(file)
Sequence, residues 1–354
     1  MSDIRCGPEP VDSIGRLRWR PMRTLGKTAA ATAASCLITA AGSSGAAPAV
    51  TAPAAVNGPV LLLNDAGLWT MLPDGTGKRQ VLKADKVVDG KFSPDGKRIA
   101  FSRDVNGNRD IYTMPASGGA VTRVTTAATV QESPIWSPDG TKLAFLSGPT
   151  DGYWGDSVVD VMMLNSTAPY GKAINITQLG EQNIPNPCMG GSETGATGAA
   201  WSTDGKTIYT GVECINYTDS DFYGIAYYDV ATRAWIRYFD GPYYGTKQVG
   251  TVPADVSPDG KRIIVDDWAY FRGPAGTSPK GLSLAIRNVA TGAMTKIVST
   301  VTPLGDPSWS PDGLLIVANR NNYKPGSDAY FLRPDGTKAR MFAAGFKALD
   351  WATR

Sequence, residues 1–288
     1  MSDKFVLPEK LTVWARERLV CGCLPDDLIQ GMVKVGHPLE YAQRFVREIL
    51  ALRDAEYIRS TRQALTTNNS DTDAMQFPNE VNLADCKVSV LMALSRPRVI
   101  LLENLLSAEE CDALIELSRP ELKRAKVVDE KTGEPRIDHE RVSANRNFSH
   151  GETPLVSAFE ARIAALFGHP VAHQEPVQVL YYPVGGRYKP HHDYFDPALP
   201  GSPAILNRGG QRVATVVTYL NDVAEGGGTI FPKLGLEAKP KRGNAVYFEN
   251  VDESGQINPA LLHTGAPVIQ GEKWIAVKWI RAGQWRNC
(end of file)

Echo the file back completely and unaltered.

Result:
Sequence, residues 1–354
     1  MSDIRCGPEP VDSIGRLRWR PMRTLGKTAA ATAASCLITA AGSSGAAPAV
    51  TAPAAVNGPV LLLNDAGLWT MLPDGTGKRQ VLKADKVVDG KFSPDGKRIA
   101  FSRDVNGNRD IYTMPASGGA VTRVTTAATV QESPIWSPDG TKLAFLSGPT
   151  DGYWGDSVVD VMMLNSTAPY GKAINITQLG EQNIPNPCMG GSETGATGAA
   201  WSTDGKTIYT GVECINYTDS DFYGIAYYDV ATRAWIRYFD GPYYGTKQVG
   251  TVPADVSPDG KRIIVDDWAY FRGPAGTSPK GLSLAIRNVA TGAMTKIVST
   301  VTPLGDPSWS PDGLLIVANR NNYKPGSDAY FLRPDGTKAR MFAAGFKALD
   351  WATR

Sequence, residues 1–288
     1  MSDKFVLPEK LTVWARERLV CGCLPDDLIQ GMVKVGHPLE YAQRFVREIL
    51  ALRDAEYIRS TRQALTTNNS DTDAMQFPNE VNLADCKVSV LMALSRPRVI
   101  LLENLLSAEE CDALIELSRP ELKRAKVVDE KTGEPRIDHE RVSANRNFSH
   151  GETPLVSAFE ARIAALFGHP VAHQEPVQVL YYPVGGRYKP HHDYFDPALP
   201  GSPAILNRGG QRVATVVTYL NDVAEGGGTI FPKLGLEAKP KRGNAVYFEN
   251  VDESGQINPA LLHTGAPVIQ GEKWIAVKWI RAGQWRNC